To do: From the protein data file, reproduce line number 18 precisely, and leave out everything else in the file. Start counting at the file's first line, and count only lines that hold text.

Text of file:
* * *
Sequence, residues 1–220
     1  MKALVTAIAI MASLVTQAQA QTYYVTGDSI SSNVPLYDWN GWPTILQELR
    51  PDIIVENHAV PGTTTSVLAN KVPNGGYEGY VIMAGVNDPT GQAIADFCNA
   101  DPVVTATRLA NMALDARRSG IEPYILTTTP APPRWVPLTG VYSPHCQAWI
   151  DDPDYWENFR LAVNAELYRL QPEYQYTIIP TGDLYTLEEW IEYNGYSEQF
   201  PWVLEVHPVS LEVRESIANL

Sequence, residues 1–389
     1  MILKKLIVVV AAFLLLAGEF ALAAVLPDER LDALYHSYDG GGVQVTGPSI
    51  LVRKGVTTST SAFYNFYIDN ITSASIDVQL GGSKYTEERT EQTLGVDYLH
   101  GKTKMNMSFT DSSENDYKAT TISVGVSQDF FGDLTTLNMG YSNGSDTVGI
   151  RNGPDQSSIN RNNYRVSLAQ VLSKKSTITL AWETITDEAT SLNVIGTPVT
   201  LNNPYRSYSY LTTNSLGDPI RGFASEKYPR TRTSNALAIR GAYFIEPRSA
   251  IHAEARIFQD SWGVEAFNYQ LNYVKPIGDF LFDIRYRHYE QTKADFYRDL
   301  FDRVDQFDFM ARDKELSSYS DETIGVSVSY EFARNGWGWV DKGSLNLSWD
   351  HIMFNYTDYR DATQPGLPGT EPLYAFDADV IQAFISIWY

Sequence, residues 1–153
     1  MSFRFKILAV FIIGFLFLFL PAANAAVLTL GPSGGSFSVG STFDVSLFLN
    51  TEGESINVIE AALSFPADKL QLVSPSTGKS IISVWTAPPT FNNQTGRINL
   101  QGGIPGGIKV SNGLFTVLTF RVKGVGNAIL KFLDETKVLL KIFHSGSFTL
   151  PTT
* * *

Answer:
    51  TEGESINVIE AALSFPADKL QLVSPSTGKS IISVWTAPPT FNNQTGRINL